Esha Chatterjee

Doctoral Candidate

Esha Chatterjee’s areas of specialization are in the areas of ‘demography’ and ‘gender, work and family’.  During the course of her PhD, she has worked with the ‘India Human Development Survey’ group and has extensive experience in working with survey data. Her dissertation analyzes the determinants of women’s fertility intention, contraception use and subsequent behavior in India.

A second  area of interest for her, has been migration. She is working on a couple of projects on internal migration in India. Her paper ‘Physical vs. imagined communities: migration and women’s autonomy in India’ with Dr. Sonalde Desai is under review (revise and re-submit).

The third stream of research she interested in, is related to labor force participation. Her paper with Dr. Sonalde Desai and Dr.Reeve Vanneman titled ‘Indian Paradox: Rising Education, Declining  Women’s Employment’ has been published in Demographic Research, and it also received the editor’s choice award.

DISSERTATION

"Determinants of differential regional fertility rates in India: an examination of fertility intention, behavior and the unmet need for contraception":

 Key Findings from Dissertation:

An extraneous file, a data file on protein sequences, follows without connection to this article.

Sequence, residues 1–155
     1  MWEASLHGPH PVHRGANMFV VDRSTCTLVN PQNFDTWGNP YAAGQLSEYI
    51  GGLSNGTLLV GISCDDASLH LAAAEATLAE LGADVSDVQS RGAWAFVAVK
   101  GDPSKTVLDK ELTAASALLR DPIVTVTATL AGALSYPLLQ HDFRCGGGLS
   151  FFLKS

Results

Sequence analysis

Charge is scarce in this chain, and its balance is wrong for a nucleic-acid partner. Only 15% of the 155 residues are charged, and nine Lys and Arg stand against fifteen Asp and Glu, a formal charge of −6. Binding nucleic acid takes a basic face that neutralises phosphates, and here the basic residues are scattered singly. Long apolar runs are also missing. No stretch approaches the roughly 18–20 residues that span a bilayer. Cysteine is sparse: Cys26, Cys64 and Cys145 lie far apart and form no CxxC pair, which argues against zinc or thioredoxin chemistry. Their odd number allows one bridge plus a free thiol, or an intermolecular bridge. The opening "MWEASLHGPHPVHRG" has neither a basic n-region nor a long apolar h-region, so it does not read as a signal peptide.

Using data from the first nationally representative panel survey in India- the India Human Development Survey (IHDS) 2005 & 2012 I find that:
 
1. Women who have an unmet need for contraception in 2005 are about twice as likely as those with no unmet need, to have an ‘unintended birth’ between 2005 and 2012, after taking into account other individual and household level factors.
 
2. Women who have lower levels of empowerment at the household level & those who reside in areas with high gender segregation are less likely to translate their fertility intentions into behavior.
 
3. Wantedness of a woman’s birth has important impacts on subsequent maternal healthcare utilization. Specifically, women who report their most recent birth as wanted, are more likely to obtain at least one antenatal check-up, the recommended number of antenatal check-ups (atleast 4), deliver in an institutional setting, and obtain at least one postnatal check-up compared to women who have an unwanted birth, net of maternal and household characteristics.
Areas of Interest:
  • Fertility
  • Labor Force
  • Gender, Work and Family
  • Migration
  • Quantitative Methods
  • Social Demography
Degrees
  • M. Phil Economics, Jadavpur University, India (2012)
  • MA Economics, Jadavpur University, India (2010)
  • BS Economics, Calcutta University, India (2008)
3140 Art/Sociology Building
Department of Sociology
Email: eshachat@umd.edu